New England Escape
Jamestown, Rhode Island and Martha's Vineyard
Lobster and Sunshine are Highlights of Our New England Cruise
Visiting Martha’s Vineyard in August 2022 turned out to be more complicated than anyone anticipated. We booked two sloops available from Dream Yacht Charter. Interest in the trip far exceeded their capacity, so Charter Liaison Gary Brubaker, also one of the skippers, went shopping for another boat. He found Venteaux, a Sun Odyssey 440, available from a different company.
The first two boats—a Beneteau 410 and a Dufour 430--were available Sunday to Saturday. Venteaux’s charter had to start on Saturday, giving it an extra day. After trip leadership had planned the itinerary and reserved moorings in various harbors, Dream Yacht Charter moved their base farther north in Narraganset Bay. Now our first and last days would be nearly forty and fifty miles. Venteaux’s base was a little closer. Just weeks before the trip, Dream Yacht Charter swapped our Beneteau 410 for a Lagoon 38 catamaran. It turned out there was no option — the sloop hadn’t yet arrived at the charter base and the manager had been making similar substitutions all summer.
Joining our fleet in a couple of ports would be Together, owned by
members Dave and Hallie Lee. They sailed out of Falmouth, Massachusetts with
three more friends aboard. Venteaux departed Portsmouth, Rhode Island
Sunday morning for a sail on Narraganset Bay and a night on a mooring in
Jamestown. After the usual madness on Sunday of boarding and checking out the
Dufour, Fauvette, and the cat, Blue Butterfly, on Monday Bob
Rainey, Mia McCroskey, and their crews were off early to cover the forty or so
miles to Cuttyhunk. However, Gary noted Venteaux’s battery gauges
indicated a very low charge, so he called the charter company and waited on the
Jamestown mooring for a response. There went his lead. After a talk with the
base, he felt the situation was
manageable and they set sail at 0900.
The weather was showery with an unfortunate east wind, making sailing to Cuttyhunk challenging. “Iron jennies” were the ticket. So much for the brand-new jib Mia’s crew had put up on Blue Butterfly after seeing that the old one was about to rip on a seam. Luckily, Dream Yacht had put the replacement on board! Fortunately, the rain let up as we approached Cuttyhunk, and all three boats picked up moorings outside the harbor entrance in calm waters. We were all early enough for several crew to enjoy a swim.
Venteaux’s crew went
ashore and enjoyed a pre-arranged lobster feast with the crew from Together,
which had taken a slip in the harbor. Out in the mooring field, Bob’s crew on
Fauvette made dinner onboard while Blue Butterfly ordered shrimp, chowder, and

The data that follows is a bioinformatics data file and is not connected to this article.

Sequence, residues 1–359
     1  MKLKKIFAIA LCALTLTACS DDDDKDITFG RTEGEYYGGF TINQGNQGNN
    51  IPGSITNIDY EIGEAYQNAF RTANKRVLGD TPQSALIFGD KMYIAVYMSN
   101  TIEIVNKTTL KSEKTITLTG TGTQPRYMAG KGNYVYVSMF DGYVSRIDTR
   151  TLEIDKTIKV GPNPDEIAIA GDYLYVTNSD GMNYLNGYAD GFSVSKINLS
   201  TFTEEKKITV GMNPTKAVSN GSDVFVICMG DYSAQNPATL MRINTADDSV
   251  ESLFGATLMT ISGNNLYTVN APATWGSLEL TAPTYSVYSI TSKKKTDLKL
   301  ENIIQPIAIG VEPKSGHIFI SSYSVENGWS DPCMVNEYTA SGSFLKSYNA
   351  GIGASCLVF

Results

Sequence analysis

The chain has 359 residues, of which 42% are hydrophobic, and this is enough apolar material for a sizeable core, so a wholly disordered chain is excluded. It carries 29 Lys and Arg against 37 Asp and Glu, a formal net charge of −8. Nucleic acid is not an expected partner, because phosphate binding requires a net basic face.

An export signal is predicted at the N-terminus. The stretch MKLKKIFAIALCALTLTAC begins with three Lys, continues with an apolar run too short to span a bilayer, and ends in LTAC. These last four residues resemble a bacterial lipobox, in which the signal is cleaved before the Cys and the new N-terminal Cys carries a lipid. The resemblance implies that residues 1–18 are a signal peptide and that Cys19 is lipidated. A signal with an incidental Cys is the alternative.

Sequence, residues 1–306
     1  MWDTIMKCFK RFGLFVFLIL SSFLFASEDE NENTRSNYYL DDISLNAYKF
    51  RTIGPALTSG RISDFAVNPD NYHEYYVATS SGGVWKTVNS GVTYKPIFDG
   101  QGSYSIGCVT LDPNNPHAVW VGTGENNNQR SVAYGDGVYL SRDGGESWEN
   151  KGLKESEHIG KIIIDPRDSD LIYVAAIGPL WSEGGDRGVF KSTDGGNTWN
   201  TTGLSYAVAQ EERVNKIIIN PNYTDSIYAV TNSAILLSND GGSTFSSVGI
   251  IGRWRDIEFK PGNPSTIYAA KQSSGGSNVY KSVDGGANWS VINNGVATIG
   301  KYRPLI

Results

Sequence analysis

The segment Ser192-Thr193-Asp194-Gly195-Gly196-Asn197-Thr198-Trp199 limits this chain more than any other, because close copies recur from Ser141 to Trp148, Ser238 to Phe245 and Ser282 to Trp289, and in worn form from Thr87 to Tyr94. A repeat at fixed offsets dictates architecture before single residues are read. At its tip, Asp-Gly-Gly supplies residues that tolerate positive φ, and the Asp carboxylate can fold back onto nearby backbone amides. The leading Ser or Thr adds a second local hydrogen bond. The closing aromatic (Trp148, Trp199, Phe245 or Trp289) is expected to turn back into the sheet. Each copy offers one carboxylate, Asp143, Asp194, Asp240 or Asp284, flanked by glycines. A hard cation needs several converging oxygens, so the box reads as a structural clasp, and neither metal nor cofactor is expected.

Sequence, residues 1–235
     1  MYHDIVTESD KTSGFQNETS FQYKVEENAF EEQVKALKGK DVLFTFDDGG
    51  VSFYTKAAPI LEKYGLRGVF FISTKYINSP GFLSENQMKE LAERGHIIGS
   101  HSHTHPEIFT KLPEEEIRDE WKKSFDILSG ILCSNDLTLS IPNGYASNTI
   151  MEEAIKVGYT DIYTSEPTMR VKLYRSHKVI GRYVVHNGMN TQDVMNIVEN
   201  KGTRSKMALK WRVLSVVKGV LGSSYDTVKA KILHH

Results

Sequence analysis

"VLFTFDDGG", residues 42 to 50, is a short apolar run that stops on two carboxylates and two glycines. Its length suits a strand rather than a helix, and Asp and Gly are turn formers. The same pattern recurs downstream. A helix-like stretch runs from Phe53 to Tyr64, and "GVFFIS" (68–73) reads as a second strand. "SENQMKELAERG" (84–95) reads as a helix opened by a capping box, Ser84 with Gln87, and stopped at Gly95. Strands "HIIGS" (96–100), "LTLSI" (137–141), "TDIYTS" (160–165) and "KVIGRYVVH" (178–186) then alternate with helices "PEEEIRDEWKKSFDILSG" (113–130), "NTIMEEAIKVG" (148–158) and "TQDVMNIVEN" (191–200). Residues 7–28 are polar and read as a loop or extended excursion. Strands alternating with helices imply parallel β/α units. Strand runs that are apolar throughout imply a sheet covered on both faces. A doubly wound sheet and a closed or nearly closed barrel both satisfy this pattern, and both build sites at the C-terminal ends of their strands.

some stuffed clams delivered by the floating raw bar.
Tuesday morning remained showery with the winds still largely in our faces as the boats headed east and southeast to Edgartown. Sails were raised, but engines were required to get the boats to port. Coming into Edgartown, we passed several super-yachts, and then the iconic Edgartown Light. Edgartown Harbor was large and crowded – maybe 200 boats on moorings. Crews used the launch and the dinghies to find Blue Butterfly, which hosted the party! The combined boats produced a huge spread of food and everyone had a chance to get acquainted. One Blue Butterfly crew observed that he never thought we’d get 25 people aboard, but Mia had been confident.
Wednesday was a layover day in Edgartown with beautiful summer sunshine. The crews scattered to enjoy the upscale town (the Obamas, among others, have a house there), with many renting bikes and exploring the island, from the lighthouse to Chappaquiddick and beyond. One group, riding along the Beach Road to Oak Bluffs stopped at a bridge made famous in the movie Jaws, watching whole families repeatedly jumping off the bridge to the channel below. Everyone met up for drinks and dinner at the Seafood Shanty.
Thursday morning the water in Edgartown Harbor
was like glass. All three boats stopped at the water barge in Edgartown Harbor
to top up their tanks before motoring out into light winds for the sail
northwest and then southwest. The destination, Menemsha, is a small, picturesque
fishing village on the western end of the island. Menemsha has just two moorings
inside the harbor. Blue Butterfly and Fauvette rafted with a third
boat already there and Venteaux rafted with a different boat on the other
mooring, while Together took a slip. Crews organized a seafood purchase
from Larson’s Fish Market and enjoyed a swim. Before picking up dinner, the
crews enjoyed a party on Together as well as some exploration. Hallie Lee
made sure that club member Lisa Travaly was represented at the party, even
though she could not make the trip
Friday dawned sunny with a decent southwest wind for the long sail back to Rhode Island. And what a sail it was. Blue Butterfly finally put that new jib to good use and enjoyed a long reach from Menemsha to the mouth of Narraganset Bay. Blue Butterfly and Fauvette headed back to Warwick, stopping first at a neighboring marina whose fuel dock could accommodate these large boats. Venteaux sailed to a ball in Jamestown for the night. The freshening breeze foretold of a storm to come, and it hit hard shortly after everyone was secure with much thunder and lightning. On the dock in Warwick, the music from a neighboring boat prolonged the fun until late in the evening.
Saturday morning, Venteaux motored the short distance back to its home in Portsmouth, and all the crews cleaned out the boats, bade farewell to old friends and new, and headed home from a memorable trip!
|Blue Butterfly (Lagoon 380)
|Fauvette (Dufour 430)
Bob Rainey (S)
|Venteaux (Sun Odyssey 440)
Gary Brubaker (S)
Photos by Hans Burger, Jan Cornelius, John Francischetti, Craig Gill, Corry Grant, Joel Mack, Mia McCroskey and Mark Smaniotto